The New York Times reports: The leftist-led coalition that won Greece’s elections unveiled its government on Tuesday, with the crucial post of finance minister going to an economist who has called the eurozone’s austerity policies “fiscal waterboarding.”
The new finance minister, Yanis Varoufakis, a professor and avid blogger, will confront Greece’s international creditors in tough talks over the austerity policies, widely despised by the Greeks. Those talks could have profound consequences for Greece, the future of the euro currency and the financial integration of the European Union.
Twenty-two ministries have been streamlined to 10 in the new cabinet, all but one held by members of Syriza, the radical-left party that won the most votes in the Sunday elections and that has vowed to renegotiate the country’s onerous debts.
The Defense Ministry post went to Panos Kammenos, the leader of Syriza’s coalition partner, the right-wing Independent Greeks, and a handful of deputy posts went to his colleagues.
But the most important post filled by the new prime minister, Alexis Tsipras, the 40-year-old leader of Syriza, was his choice of finance minister: Mr. Varoufakis, 53, who left a teaching post at the University of Texas to join Syriza’s election campaign. [Continue reading…]
Yanis Varoufakis interviewed by Johanna Jaufer: You have been a politician for only three weeks now…
Have you had to think it over very much? In your blog you wrote that you were frightened, too.
It was a major decision. Primarily, because I entered politics in order to do a job that I always thought should be done and I was offered the opportunity to do it. It has to do with the negotiations between Greece and the European Union if Syriza wins, which is an extremely scary project and prospect. At the same time I am an academic, I am a citizen, an active citizen, so I am used to dialogue where the point of the conversation really should be that I learn from you and you learn from me – we are going to have disagreements, but through these disagreements we enrich each other’s points of view.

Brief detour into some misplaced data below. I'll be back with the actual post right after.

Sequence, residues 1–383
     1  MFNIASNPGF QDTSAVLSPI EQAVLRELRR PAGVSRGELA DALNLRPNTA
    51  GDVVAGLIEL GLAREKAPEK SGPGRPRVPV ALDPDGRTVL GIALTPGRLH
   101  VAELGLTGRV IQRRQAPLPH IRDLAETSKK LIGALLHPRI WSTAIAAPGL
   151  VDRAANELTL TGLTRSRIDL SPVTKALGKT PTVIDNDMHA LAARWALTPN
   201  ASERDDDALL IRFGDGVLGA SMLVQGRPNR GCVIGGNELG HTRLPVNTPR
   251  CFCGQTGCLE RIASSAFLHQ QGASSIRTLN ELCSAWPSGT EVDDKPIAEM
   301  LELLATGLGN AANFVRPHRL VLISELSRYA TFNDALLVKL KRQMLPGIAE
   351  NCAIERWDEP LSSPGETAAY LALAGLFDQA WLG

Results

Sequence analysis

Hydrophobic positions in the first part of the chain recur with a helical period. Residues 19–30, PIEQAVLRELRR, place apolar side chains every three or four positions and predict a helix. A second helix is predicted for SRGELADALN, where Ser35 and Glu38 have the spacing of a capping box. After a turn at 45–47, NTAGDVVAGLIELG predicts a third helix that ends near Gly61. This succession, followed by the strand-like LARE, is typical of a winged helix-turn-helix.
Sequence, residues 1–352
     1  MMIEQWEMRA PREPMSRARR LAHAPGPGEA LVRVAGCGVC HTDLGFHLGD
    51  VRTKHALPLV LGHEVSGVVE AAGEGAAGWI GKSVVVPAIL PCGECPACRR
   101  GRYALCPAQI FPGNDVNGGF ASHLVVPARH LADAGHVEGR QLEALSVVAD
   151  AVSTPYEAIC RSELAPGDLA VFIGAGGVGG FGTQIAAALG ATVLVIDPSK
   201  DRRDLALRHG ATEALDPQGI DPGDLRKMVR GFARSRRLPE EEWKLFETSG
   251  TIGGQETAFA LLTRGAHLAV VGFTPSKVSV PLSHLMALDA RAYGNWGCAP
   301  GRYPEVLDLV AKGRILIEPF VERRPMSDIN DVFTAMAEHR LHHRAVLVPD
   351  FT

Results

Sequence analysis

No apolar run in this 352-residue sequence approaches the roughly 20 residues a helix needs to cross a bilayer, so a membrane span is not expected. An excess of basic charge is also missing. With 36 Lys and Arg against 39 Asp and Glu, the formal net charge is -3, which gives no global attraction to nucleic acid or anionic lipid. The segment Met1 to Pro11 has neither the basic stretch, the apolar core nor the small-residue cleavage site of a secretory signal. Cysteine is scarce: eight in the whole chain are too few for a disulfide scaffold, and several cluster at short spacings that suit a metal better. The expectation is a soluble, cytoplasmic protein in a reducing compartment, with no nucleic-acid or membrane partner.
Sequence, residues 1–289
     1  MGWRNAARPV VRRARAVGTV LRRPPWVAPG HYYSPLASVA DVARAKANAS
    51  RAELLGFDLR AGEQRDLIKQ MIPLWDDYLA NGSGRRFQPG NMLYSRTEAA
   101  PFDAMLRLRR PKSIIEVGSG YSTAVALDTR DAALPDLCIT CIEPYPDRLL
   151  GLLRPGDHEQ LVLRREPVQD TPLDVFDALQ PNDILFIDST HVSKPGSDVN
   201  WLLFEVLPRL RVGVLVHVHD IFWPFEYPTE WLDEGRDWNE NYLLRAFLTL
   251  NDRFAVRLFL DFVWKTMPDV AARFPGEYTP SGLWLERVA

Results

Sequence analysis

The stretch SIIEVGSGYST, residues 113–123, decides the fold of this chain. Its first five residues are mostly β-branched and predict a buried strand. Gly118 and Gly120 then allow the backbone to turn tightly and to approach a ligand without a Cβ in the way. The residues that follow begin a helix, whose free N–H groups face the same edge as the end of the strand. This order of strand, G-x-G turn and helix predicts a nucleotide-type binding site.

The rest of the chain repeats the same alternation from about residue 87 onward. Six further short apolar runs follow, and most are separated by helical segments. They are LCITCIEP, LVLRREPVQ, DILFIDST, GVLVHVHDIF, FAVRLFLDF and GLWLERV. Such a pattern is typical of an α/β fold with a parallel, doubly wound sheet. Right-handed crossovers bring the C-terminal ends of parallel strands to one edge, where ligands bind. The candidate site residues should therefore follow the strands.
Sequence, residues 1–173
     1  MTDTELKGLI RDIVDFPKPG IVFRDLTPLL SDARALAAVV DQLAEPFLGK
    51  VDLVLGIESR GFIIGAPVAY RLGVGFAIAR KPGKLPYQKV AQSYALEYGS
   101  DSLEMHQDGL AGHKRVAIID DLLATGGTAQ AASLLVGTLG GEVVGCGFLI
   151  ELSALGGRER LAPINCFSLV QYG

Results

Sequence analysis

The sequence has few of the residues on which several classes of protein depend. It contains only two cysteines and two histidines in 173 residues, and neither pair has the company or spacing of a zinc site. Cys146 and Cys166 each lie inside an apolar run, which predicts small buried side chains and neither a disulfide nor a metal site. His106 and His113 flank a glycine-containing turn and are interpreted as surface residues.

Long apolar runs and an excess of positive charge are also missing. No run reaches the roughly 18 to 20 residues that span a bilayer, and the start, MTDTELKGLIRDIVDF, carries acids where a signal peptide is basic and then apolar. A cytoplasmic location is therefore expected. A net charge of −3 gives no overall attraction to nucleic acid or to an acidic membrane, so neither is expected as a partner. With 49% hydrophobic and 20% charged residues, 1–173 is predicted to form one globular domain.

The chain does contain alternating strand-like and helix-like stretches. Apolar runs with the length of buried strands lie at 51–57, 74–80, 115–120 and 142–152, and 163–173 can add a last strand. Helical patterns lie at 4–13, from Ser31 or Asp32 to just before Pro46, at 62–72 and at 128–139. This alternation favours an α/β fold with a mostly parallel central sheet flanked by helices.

It’s not about winning the other one over…
That’s right – actually in politics, it is worse: each side tries to destroy the other side – in the eyes of the public – and that is something that is completely alien to me and something that I didn’t want to get used to.
What about your university job? Have you put it on hold?
Yes, indeed. I have resigned from University of Texas. I still retain my chair at the University of Athens – without pay – and hopefully it won’t be too long before I return to it.
Wouldn’t you be ready to stay in a government for a longer time?
No, I don’t want to make a career out of politics. Ideally, I would like somebody else to do it, and to do it better than I. It’s just that this was a window of opportunity, because Syriza rising to power is a precedence. So, it was a small window of opportunity to get something done that would not have been done otherwise. I’m not a prophet, so I can’t tell you where I will be in two, three, five, ten years. But if you’re asking me now, my ideal outcome would be that our government succeeds in renegotiating a deal with Europe that renders Greece sustainable, and then other people, you know… power should be rotated, no one should grow particularly fond of it. [Continue reading…]